Mississippi Medicaid expansion measure expected to die Thursday night, legislative leaders say  

Published 7:38 pm Thursday, May 2, 2024

by Taylor Vance and Bobby Harrison, Mississippi Today
May 2, 2024

An effort in the Mississippi Legislature to accept billions of dollars in federal money to expand Medicaid coverage to the working poor – a policy which medical experts, clergy and business leaders advocated – was expected to die on a Thursday night deadline, according to House leaders.

House Medicaid Chair Missy McGee, R-Hattiesburg, told reporters that she delivered a proposal to Senate negotiators on Thursday morning that would have allowed voters to have the final say on a statewide referendum in November whether the state should expand Medicaid.

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But the Forrest County lawmaker said she had not heard a response from the Senate at all on Thursday, leading her to believe expansion is certain to die by an 8 p.m. Thursday deadline.

“It’s disappointing,” McGee said. “We worked really hard on it, and we fought to the bitter end.”

The bill’s death would mark an end to months of intense debate at the Capitol and scores of rallies urging legislators to adopt expansion under the federal Affordable Care Act.

For a brief moment on Wednesday, it appeared both chambers at the Capitol might adopt a compromise, but expansion under that proposal contained stipulations the federal government is not likely to approve and could have held expansion here in limbo for years.

House and Senate negotiators on Tuesday night agreed on a compromise that would have expanded Medicaid coverage to individuals who make roughly $20,000 but only if the federal government signed off on a work proposal for recipients – something the federal government was almost certain to reject.

But the deal fell apart after rumors circulated in the Capitol that the Senate did not have enough votes to support the plan and after a large portion of Democrats in the House objected to the work requirement.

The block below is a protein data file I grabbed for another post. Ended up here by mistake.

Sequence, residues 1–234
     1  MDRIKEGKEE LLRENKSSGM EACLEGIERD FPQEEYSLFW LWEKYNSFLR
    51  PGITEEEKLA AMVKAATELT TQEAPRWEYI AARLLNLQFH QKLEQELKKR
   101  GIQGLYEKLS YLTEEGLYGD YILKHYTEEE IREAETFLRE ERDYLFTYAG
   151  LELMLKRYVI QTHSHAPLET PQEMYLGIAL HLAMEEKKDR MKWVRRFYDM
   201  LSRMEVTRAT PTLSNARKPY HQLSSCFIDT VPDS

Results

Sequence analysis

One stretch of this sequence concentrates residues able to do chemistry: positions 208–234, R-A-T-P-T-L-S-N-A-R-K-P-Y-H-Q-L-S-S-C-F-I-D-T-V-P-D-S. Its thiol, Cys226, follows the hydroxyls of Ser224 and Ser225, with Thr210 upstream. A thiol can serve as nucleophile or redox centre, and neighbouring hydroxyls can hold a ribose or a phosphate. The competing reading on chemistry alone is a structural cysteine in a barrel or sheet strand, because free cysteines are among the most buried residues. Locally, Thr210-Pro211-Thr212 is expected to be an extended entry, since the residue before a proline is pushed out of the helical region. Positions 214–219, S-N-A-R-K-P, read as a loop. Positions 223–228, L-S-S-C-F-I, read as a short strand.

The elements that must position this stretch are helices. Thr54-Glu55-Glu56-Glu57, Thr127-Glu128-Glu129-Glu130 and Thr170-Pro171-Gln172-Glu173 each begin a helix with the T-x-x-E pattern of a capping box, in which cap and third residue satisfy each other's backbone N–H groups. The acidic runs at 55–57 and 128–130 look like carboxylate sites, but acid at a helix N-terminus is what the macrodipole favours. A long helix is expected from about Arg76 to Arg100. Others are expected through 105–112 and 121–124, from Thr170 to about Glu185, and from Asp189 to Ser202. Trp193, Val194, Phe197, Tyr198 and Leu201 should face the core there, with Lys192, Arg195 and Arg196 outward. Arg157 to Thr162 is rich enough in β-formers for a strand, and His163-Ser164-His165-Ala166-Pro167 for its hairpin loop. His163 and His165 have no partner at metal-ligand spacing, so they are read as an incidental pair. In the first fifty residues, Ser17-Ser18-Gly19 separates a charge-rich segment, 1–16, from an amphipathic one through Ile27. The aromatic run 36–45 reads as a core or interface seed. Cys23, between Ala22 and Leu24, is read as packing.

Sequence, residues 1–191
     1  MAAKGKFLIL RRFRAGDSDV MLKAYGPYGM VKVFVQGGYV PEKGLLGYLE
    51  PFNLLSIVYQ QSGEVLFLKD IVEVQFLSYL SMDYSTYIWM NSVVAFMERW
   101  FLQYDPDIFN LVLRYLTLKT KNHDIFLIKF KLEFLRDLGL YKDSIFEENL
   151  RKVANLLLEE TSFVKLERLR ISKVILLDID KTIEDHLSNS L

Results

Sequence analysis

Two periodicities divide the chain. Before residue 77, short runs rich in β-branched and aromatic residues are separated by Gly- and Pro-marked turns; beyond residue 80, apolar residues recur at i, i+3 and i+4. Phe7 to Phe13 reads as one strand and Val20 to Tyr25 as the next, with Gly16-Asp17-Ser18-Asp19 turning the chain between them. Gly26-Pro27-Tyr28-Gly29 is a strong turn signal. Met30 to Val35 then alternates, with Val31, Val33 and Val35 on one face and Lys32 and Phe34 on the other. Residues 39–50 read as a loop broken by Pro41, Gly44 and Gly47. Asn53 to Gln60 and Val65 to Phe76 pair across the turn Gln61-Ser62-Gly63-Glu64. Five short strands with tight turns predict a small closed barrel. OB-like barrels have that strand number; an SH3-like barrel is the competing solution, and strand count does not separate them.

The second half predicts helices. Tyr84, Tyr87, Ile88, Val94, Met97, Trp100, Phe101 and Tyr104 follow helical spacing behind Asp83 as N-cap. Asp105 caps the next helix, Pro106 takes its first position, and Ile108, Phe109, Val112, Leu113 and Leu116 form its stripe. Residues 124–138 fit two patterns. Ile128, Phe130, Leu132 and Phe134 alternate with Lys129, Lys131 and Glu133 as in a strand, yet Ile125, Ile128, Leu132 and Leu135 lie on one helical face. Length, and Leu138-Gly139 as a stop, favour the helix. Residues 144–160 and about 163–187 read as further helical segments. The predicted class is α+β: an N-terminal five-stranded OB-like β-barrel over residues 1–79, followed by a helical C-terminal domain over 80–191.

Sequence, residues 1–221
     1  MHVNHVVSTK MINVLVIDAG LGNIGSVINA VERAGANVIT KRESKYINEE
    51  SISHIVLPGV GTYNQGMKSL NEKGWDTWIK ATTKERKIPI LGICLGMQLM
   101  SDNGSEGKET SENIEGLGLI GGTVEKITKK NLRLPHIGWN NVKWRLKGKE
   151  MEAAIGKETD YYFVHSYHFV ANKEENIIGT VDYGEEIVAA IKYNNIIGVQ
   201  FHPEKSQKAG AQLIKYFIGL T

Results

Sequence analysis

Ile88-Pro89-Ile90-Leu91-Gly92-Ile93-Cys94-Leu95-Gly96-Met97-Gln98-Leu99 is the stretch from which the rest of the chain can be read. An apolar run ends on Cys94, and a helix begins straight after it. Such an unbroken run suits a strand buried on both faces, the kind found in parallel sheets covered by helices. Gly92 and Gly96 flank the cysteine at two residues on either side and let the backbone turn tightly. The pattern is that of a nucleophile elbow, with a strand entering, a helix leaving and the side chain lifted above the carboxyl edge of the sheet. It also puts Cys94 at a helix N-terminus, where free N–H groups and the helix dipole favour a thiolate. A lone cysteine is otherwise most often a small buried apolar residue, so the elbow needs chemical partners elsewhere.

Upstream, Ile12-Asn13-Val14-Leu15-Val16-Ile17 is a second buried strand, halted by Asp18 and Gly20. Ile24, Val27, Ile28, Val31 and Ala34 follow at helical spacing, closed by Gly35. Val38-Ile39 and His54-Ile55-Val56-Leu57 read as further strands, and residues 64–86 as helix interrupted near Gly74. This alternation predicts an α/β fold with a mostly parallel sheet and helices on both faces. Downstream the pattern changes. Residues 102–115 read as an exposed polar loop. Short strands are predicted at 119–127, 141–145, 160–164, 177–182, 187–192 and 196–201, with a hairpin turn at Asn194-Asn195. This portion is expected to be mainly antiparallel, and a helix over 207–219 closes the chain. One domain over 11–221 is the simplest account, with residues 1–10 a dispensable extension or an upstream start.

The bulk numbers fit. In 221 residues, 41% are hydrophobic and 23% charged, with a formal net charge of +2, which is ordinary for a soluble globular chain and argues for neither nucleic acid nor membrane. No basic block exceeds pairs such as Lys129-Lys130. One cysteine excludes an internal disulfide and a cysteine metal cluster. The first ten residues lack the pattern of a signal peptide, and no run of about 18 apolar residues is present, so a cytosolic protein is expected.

House Speaker Jason White, R-West, said he would have had the votes Wednesday in the House to pass the compromise, even with the loss of a significant number of Democratic votes.

But the speaker opted to send the proposal back to negotiations after being told by Senate leaders that the Senate only had 28 votes – not enough to pass it by a needed three-fifths majority.

White said his negotiators offered the referendum option as a compromise that he hoped more Senate Republicans could support. He said he knew it was a long shot that the Senate would accept the proposal, but he thought it was worth a try.

“I am not casting blame,” White said when asked about what he said was the lack of votes in the Senate. “… But I had to act on that information.”

White said he was disappointed that Medicaid expansion did not pass this session, but he said he is glad it was debated and discussed during the session.

“It was a good first step,” he said. “Whether we will look at it next year or the next, I don’t know. We will have to reassess.”

White, in his first year as speaker, was the first Republican legislative leader to bring up legislation to enact Medicaid expansion. That original proposal passed by an overwhelming bipartisan vote in the House.

When asked about whether the Senate had the votes to pass the compromise on Wednesday, a spokesperson for Lt. Gov. Delbert Hosemann said, “The Senate was working to secure the votes, but that effort stalled when House Democrats indicated they did not support the bill.”

Democratic leaders in a statement said they have been “crystal clear” about what they were willing to accept in a Medicaid expansion compromise, but whether House Republicans wanted to listen to is “beyond our control.”

“Unfortunately, neither House nor Senate leadership chose to act on the language we proposed,” the statement read. “Instead, we will leave Jackson without a plan to solve our state’s increasingly dangerous healthcare crisis.”

If the expansion legislation dies as expected, lawmakers will have to wait until next year during the 2025 session to reconsider the policy that 40 other states have adopted.

Bishop Ronnie Crudup, Sr., the Mid-South Diocese of the Fellowship of International Church who has been advocating for expansion for months at the Capitol, told Mississippi Today he was still hoping the two chambers could reach a “dramatic” last minute compromise.

“But we will continue to advocate for Medicaid expansion,” Cruddup said. “If something dramatic doesn’t happen, we will be looking for other routes to make this happen.”

Lawmakers on Thursday said they expect to end the 2024 legislative session early Saturday.

This article first appeared on Mississippi Today and is republished here under a Creative Commons license.